Massage therapy is another effective way to provide relief from chronic pain. Most massage therapists will massage the affected area and the whole body to relieve muscle pain and improve circulation.

8. Non-Opioid Medication

Just because you are avoiding opioid painkillers does not mean you cannot take any medications for chronic pain. Among the medicines that the CDC recommends for pain relief are:

  • Analgesics such as Nonsteroidal Anti-Inflammatory Drugs (NSAIDs) and acetaminophen (See More: Non-Opiate Pain Killers)
  • Antidepressants
  • Topical agents

You should always speak with a doctor before beginning one of these medications on a long-term basis, as even popular over-the-counter medications can have serious side effects.

9. TENS

Transcutaneous Electrical Nerve Stimulation (TENS) produces electrical stimulation in the affected area, which has been shown to reduce pain related to musculoskeletal conditions.

10. Yoga and Tai Chi

Exercise can be an excellent way to build up the muscles around damaged tissue and vertebrae. Among the best forms of exercise are those that use slow and smooth movements, such as yoga and Tai Chi. These are both guided programs that also focus on breathing and relaxation techniques. These exercises are also low impact, meaning they are less likely to cause further muscle injury.

Related Topics: 
How should you stop taking prescription medication? 
Can you get addicted to opioids when using them as prescribed?

Common Types of Pain and How To Get Relief

There are several types of pain that more commonly cause chronic pain. It is important to realize that the cause of these different types of pain will be different for each person. While there are several potential ways to get relief, you should first consult with your doctor about which pain management techniques are best for you.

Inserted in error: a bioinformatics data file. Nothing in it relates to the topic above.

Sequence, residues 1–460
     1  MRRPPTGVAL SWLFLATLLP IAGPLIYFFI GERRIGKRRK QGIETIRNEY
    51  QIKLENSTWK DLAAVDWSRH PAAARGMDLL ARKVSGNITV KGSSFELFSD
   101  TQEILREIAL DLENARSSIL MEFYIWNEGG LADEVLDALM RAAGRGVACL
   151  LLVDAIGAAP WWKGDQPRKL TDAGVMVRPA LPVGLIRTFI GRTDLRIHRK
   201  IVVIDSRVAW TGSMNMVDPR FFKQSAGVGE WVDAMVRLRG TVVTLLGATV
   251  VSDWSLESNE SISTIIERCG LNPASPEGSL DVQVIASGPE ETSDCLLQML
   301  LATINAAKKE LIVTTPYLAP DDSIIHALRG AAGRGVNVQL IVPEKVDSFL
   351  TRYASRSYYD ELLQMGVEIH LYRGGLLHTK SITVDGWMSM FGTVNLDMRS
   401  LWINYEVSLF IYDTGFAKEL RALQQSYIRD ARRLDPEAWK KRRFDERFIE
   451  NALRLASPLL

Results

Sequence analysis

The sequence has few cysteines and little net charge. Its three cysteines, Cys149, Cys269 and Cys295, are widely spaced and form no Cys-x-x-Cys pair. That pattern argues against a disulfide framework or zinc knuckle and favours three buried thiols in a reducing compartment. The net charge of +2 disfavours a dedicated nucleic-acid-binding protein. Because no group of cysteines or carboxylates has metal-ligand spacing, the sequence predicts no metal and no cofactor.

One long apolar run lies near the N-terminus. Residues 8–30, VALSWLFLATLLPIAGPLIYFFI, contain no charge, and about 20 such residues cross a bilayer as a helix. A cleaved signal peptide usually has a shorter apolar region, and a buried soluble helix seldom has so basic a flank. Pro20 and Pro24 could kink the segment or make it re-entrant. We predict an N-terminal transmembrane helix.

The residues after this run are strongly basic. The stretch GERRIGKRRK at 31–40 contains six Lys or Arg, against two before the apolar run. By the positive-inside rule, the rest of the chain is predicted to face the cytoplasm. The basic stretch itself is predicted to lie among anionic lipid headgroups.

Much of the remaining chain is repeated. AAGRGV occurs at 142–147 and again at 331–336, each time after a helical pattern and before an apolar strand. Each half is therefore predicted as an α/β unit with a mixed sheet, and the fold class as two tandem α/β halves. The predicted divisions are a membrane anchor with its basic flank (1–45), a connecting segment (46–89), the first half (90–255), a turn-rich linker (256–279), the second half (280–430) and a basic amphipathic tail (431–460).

Back Pain

Back pain most often affects the lower back but can affect any area of the back.  Strain or damage to the back muscles normally cause this type of pain. It may also be caused by misalignment or damage to the spine. Some good pain relief options for back pain include:

  • Chiropractic care
  • Massage
  • Cold or heat
  • TENS therapy
  • Yoga

These pain relief options all target muscles that may be the primary source of the pain.

Foot Pain

The causes of foot pain vary greatly, making it difficult to identify particular pain relief options that will work for most people. Some of the best options for foot pain will likely be:

  • Massage
  • Cold or heat
  • Non-opioid medication
  • Eastern medicine
Joint Pain & Arthritis

Arthritic joint pain is normally caused by either chronic inflammation in the joints or wearing down the joint itself. While there are some non-medical ways to improve the pain temporarily, arthritic pain will ultimately require non-opioid medical treatment to manage it the best way possible. Some possible ways to provide temporary pain relief include:

  • Cold or heat
  • Distraction therapy
  • Non-opioid medication
  • Eastern medicine

While these options may provide temporary relief, long-term relief from arthritis-related pain is normally achieved by getting treatments from your doctor.

Headaches and Migraines